The discovery that stimulants are helpful for behavioral problems in children was another of the serendipitous discoveries so common in psychiatry. Dr. Charles Bradley, in the 1930’s, was medical director of a small child psychiatric hospital. For new admissions, his standard medical work-up included a lumbar puncture. Post-procedure headaches were a real problem, were assumed to be caused by loss of spinal fluid, and Bradley sought some way to stimulate the choroid plexus to produce more spinal fluid. The most potent stimulant available was benzedrine, and Bradley tried giving this medication to some of the children before their spinal taps. While this did not prevent headaches, it led to dramatic improvement in behavior and learning ability. Based on this experience, Bradley conducted and published a study of 30 children, half of whom showed great improvement on benzedrine. While Bradley’s study was published in Archives of General Psychiatry in 1937, stimulant use did not become widespread until the introduction of Ritalin in the early 1960s.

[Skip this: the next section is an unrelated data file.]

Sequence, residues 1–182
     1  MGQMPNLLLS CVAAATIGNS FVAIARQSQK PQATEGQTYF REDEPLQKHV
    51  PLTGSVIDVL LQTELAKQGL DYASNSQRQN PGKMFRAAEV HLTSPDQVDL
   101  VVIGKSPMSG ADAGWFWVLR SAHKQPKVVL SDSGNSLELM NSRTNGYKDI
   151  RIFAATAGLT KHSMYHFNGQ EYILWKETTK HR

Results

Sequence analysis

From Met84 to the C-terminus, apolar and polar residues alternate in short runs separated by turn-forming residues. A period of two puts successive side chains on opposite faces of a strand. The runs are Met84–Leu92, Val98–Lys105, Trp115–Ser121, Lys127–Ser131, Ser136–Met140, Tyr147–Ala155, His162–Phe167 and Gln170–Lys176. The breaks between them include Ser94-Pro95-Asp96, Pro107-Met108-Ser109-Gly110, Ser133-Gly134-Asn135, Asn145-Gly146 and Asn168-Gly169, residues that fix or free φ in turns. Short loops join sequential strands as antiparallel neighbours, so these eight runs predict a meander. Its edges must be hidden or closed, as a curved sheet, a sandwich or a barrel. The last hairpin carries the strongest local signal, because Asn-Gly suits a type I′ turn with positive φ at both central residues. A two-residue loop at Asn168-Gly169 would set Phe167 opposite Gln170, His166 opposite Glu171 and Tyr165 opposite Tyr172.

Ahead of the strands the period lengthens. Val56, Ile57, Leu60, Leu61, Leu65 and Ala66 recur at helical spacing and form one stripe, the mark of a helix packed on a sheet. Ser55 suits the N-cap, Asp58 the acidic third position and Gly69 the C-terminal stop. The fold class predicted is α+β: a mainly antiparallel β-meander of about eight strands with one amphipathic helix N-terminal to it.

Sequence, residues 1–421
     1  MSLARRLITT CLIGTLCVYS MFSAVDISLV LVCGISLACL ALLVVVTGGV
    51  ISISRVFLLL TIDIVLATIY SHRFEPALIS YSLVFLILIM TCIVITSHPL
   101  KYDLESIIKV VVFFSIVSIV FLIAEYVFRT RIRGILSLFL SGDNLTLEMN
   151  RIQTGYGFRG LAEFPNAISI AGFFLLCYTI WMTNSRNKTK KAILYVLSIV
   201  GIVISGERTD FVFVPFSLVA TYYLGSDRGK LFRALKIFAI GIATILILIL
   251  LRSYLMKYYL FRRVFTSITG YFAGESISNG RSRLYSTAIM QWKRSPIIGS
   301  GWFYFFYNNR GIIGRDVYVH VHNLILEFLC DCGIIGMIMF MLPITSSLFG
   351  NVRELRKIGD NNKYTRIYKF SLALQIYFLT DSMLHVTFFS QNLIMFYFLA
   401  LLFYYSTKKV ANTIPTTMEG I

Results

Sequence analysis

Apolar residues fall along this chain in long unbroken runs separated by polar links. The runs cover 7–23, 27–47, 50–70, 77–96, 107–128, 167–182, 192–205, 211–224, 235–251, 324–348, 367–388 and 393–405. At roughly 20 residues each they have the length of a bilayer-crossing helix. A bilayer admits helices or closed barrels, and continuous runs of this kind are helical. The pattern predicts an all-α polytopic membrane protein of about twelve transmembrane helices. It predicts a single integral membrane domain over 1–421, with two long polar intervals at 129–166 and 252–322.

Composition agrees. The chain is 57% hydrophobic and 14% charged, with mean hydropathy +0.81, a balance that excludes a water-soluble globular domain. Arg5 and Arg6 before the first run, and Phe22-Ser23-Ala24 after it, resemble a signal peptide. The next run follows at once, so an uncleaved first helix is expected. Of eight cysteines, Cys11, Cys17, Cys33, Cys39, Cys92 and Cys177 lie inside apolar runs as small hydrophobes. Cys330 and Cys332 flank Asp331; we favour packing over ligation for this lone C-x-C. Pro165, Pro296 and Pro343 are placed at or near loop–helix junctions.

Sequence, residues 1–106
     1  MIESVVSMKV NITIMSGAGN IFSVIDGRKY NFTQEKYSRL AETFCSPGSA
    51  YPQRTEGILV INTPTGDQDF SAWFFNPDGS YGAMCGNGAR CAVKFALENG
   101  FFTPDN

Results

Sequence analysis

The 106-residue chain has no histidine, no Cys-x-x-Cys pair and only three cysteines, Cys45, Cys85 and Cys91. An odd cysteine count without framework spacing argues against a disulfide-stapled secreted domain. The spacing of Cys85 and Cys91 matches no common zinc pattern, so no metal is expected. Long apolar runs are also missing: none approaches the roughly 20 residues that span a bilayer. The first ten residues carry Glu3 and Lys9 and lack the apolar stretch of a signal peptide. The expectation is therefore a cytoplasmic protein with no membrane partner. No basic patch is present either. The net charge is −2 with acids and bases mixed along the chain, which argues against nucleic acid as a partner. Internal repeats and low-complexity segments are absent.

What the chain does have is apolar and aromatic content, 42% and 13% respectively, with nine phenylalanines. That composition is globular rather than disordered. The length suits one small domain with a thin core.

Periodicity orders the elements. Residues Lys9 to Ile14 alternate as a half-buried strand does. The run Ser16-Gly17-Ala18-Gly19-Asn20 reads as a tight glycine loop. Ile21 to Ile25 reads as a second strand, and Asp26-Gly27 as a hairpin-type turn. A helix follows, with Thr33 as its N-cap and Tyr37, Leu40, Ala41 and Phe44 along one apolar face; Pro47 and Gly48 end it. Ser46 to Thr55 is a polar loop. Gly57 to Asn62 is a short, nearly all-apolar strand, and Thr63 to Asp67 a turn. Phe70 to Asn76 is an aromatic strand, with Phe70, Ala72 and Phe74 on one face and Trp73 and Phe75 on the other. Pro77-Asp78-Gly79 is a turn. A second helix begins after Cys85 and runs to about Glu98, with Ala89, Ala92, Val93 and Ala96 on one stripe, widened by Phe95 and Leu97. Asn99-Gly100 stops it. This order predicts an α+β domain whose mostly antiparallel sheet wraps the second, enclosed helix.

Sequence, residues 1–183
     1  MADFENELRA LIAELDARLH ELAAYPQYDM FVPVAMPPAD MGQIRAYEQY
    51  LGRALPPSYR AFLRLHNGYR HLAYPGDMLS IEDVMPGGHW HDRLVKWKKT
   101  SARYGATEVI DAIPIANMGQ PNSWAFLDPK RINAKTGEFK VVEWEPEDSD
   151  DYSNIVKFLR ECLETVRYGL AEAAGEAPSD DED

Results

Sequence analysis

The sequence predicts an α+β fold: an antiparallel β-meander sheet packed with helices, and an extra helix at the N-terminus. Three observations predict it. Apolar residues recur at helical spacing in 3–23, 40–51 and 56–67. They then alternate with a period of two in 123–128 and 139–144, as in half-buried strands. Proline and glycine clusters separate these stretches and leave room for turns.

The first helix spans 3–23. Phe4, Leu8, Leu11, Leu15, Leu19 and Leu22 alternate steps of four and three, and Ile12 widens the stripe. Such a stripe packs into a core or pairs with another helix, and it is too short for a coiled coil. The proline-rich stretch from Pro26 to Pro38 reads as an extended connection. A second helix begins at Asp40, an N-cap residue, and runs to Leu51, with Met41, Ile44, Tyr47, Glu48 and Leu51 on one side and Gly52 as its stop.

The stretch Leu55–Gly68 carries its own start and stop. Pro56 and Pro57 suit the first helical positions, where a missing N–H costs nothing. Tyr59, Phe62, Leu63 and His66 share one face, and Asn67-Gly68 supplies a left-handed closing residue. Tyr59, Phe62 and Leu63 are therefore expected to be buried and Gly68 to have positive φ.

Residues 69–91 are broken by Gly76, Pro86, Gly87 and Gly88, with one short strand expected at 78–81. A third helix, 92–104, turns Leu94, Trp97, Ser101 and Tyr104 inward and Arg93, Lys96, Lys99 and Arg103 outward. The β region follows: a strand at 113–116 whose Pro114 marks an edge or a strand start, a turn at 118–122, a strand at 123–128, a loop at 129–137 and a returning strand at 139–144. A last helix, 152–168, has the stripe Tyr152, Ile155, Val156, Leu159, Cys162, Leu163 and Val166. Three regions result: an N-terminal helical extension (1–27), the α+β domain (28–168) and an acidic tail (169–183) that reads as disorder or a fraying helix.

Source: Gross MD: Origin of stimulant use for treatment of attention deficit disorder (letter). Am J Psychiatry 1995; 152:298-299.